Google Redirects Patent Search, Shuts Down Google Related Toolbar, One Pass & Vaccine Finder
After only eight months, the Google Related toolbar is headed to the dead pool. That’s one of several Google products being phased out in the company’s latest “spring cleaning” announcement, along with the One Pass payment system for news publishers, Google Patent Search losing its own home page and Google Flu Vaccine Finder. Google Related is […]
After only eight months, the Google Related toolbar is headed to the dead pool. That’s one of several Google products being phased out in the company’s latest “spring cleaning” announcement, along with the One Pass payment system for news publishers, Google Patent Search losing its own home page and Google Flu Vaccine Finder.
is was a browser toolbar that offered contextual information about the web page being displayed in the main browser window. For example, when looking at a restaurant’s website, Google Related would show a map/address, reviews and similar restaurants/businesses.
In its announcement today, Google says “the product isn’t experiencing the kind of adoption we’d like, and while we still believe in the value provided to our users, we’ll be retiring the existing product over the next few weeks.”
As I said, that’s just one of several announcements. Here’s a quick look at some of the others:
- Google Patent Search is going away. Formerly available at www.google.com/patents, Google says it’s now offering a better patent search experience through Google.com, and plans to add more patent search features there in the future.
- Google One Pass has been shut down. This was the company’s payment system for publishers that launched in February 2011. Google says it’s working with its partners to transition to Google Consumer Surveys and other platforms.
- Google’s Flu Vaccine Finder has been passed over to HealthMap and relaunched there as the HealthMap Flu Vaccine Finder.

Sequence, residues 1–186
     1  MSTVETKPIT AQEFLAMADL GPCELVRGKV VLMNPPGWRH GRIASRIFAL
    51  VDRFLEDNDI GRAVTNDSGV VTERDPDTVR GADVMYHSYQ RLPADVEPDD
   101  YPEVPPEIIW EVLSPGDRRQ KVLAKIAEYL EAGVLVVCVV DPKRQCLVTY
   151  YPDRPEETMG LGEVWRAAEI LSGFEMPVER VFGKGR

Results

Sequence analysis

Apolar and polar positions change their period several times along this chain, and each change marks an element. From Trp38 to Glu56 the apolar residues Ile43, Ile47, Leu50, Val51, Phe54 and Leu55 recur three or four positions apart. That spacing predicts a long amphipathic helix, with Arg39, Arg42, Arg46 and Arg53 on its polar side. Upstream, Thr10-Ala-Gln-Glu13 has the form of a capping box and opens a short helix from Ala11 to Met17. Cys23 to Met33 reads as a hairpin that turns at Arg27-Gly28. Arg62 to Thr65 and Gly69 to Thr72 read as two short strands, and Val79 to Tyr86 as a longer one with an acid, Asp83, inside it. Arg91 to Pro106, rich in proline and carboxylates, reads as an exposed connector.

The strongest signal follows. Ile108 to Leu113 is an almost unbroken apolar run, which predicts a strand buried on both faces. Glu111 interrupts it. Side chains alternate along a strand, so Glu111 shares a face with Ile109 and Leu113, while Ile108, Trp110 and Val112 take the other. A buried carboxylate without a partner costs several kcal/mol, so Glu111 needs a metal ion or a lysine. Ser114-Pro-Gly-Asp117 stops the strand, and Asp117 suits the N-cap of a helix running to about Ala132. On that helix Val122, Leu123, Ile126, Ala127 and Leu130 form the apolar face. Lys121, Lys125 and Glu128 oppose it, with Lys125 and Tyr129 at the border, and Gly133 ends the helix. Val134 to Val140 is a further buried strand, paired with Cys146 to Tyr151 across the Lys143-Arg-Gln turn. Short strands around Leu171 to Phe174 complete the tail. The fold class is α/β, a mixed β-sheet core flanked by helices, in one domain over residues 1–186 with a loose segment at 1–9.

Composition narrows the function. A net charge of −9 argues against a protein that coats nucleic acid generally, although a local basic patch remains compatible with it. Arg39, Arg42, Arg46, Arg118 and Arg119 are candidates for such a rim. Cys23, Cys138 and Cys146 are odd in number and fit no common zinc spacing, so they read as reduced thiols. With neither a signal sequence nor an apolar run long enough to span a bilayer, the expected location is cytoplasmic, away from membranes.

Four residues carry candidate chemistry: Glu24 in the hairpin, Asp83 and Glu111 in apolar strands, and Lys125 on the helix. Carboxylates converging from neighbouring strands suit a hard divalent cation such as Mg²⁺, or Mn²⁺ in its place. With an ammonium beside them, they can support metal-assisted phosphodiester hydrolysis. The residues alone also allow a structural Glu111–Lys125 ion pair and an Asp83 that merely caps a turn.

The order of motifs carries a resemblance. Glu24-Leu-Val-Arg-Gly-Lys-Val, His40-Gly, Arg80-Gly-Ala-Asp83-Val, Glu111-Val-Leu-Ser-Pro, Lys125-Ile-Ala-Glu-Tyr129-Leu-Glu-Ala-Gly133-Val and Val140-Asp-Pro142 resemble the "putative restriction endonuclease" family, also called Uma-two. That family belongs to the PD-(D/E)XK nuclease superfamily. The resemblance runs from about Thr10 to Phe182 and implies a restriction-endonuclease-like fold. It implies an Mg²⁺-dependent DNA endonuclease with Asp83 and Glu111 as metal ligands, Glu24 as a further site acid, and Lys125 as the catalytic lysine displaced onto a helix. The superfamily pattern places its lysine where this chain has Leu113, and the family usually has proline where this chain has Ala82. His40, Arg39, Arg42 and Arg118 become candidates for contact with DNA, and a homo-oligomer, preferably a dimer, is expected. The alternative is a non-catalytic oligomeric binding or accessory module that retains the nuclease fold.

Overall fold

There are also API- and mobile-related announcements, along with a couple related to Picasa, on Google’s blog post.
Postscript From Danny Sullivan:
When Google Related rolled-out last August. I can recall some worries by some that this was going to push Google products unfairly over publishers. As one person commented back at the launch:
I run a restaurant guide website. When I browse a restaurant page on my site, it pops up offering me links to: Google’s Place page for the same restaurant; the Google maps page for the same restaurant; links to Google places pages for other restaurants nearby; some web results to other competitors sites. Perhaps some of this is useful to the user, but the abundance of links to Google properties makes me more than a little sceptical as to the true intentions here.
On a personal note, telling us that the Related team will now “focus on creating more magic moments across other Google products” just sounds like Google is going way over on the marketing speak. Related didn’t work. Got it. But “magic moments?” Just give us some products that work, and that will be magical enough.
As for Patent Search, I’m just waiting for someone from Google to complain that it’s not really closing that service, since it’s just “redirecting” it. Yeah, it’s closed, and there’s nothing magical about that. Google wrote:
We’re redirecting the old Patent Search homepage to google.com to make sure everyone is getting the best possible experience for their patent searches.
How on does dumping people who were going to a dedicated vertical search engine on patents to the Google home page which searches the entire web by default become “the best possible experience.”
If you want to do patent searches, you have to be one of the few people who may have caught Google’s post today and noted that there’s an advanced patent search page that’s also being offered. Why not just redirect Google Patent Search to that page? That would have been the best possible experience.
Postscript 2 From Danny Sullivan: Turns out, trying to reach the old Google Patents site at patents.google.com redirects you to the Google.com homepage but with a filter in place to search only against patents. It also says that in the search box, “search patents,” but I totally missed this. That’s much better than I thought, but I think it’ll still be confusing to some.
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